ALA 2016 got off to a rollicking start. At the opening general session on Friday, in Orlando, author and political commentator Michael Eric Dyson delivered a timely, impassioned keynote that brought a standing ovation. “When we think about where we are as a nation right now, we know that literacy is critical to sustaining an intelligent citizenry,” he said. “And libraries are critical to that function.”

Over the course of his 35-minute talk, Dyson, a frequent political commentator for MSNBC, mostly steered away from politics. “I've been warned against [talking politics]” he said, noting the ALA’s 501(c)(3) status. “And I will for the most part acknowledge that. I ain’t here to tell you who to vote for. You got sense,” he said to laughter and applause. Nevertheless, in referencing his latest book, The Black Presidency: Barack Obama and the Politics of Race in America (Houghton Mifflin Harcourt) Dyson conceded that it was “a refreshing breath of air” to have someone “who knows how to conjugate verbs up in the White House.”

He then went on to call out a strain of anti-intellectualism he sees gripping the country, calling libraries "citadels of enlightenment" in a culture that is "peppered by a dyspeptic resistance to high intelligence in the service of deep truth,” and alluding to those who "appear proud to be unmolested by enlightenment.” And though he acknowledged the benefits of social media, he stressed the importance of books. "Twitteracy," he said, "is not literacy."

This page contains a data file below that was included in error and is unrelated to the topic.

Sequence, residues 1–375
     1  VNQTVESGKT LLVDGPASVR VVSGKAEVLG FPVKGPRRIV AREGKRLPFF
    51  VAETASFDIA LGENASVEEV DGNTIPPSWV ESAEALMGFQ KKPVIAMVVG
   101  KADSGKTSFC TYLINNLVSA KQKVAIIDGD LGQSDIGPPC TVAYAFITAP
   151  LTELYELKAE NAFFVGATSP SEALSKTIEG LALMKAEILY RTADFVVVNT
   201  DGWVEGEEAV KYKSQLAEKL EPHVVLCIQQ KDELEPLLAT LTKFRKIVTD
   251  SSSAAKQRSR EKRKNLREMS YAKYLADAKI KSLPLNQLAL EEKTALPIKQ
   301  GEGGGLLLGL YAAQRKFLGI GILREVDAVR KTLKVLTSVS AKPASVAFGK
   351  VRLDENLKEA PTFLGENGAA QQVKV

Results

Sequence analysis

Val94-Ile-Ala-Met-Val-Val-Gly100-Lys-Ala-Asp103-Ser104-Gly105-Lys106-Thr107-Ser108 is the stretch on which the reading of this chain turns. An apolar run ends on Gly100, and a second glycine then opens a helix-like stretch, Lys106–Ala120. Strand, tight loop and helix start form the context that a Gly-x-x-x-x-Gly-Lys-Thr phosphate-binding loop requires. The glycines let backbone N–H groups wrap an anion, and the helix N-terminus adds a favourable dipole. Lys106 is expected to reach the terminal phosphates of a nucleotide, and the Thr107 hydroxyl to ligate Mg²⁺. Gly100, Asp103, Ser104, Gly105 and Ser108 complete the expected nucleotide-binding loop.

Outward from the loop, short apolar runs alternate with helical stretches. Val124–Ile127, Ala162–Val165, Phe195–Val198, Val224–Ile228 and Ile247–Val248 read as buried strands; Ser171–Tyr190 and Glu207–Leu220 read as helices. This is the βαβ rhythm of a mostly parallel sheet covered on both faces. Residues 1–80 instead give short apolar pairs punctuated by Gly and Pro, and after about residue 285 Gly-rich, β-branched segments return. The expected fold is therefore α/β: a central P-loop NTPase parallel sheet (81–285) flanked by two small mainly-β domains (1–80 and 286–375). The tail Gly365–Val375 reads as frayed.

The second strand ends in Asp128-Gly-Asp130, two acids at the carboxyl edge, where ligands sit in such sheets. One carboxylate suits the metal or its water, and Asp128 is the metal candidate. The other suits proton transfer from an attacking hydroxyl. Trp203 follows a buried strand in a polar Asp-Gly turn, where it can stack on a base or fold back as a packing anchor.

Throughout his talk, Dyson delighted the audience with humor, often preaching, rapping, and at one point even singing opera. He recited Tennyson with ease, and placed great writers like Ralph Waldo Emerson, David Henry Thoreau, Louisa May Alcott, and Elizabeth Barrett Browning alongside “the great philosopher Christopher Wallace,” explaining that "literacy" is more than the mechanics of reading and writing, or whether or not one goes to school. “Literacy is the capacity to engage in intellectual reflection,” he stressed, a “rendezvous with wisdom,” through which we become “more humane.”

Midway through, Dyson turned his attention to the tragic shootings this month at the Pulse nightclub in Orlando, pointedly criticizing observers who have strained to portray the murders as an act of Islamic terror. “Here we are in Orlando where we can't even admit that one of the most powerful forms of hate in the modern world has to do with somebody’s sexual orientation,” he said. “We would rather it be ISIS than us.”

Recalling his childhood, Dyson spoke of the “white Christian racism” he endured, of not being able to use a bathroom or eat at a roadside restaurant while traveling through Tennessee with his family, and of the lynchings that were often carried out by church members. “They did not burn a crescent and stars, they burned a cross on the lawns of black people,” he said. “That is white racial terror at the level of Christianity.”

The point was not to impugn Christianity, he explained—Dyson himself became an ordained Baptist minister at the age of 19—but to counter the cycle of ignorance that leads to hate and violence, a cycle that often causes victims of injustice to victimize others, and closes people’s minds to the necessity of diversity, and equity. “Don’t look for ISIS,” Dyson stressed, “look for isolation.”

He closed by again stressing the library’s vital role in "conjuring a world" where literacy helps us understand the need for diversity.

“We need diversity not only to recognize the appeal and the value of difference, but also to recognize that we depend upon the very diversity that we often deny,” he said. “Equity, diversity, and inclusion are critical. But the literacy that [libraries] promote, that you inspire, the literacy that you instigate is also vital. Because at the end of the day, as my daddy and mommy used to tell me, that is something that nobody can take from you. Nobody can ever pass a bill that would deny you access to the insight that you gain when you read a book, or an article, or set of words.”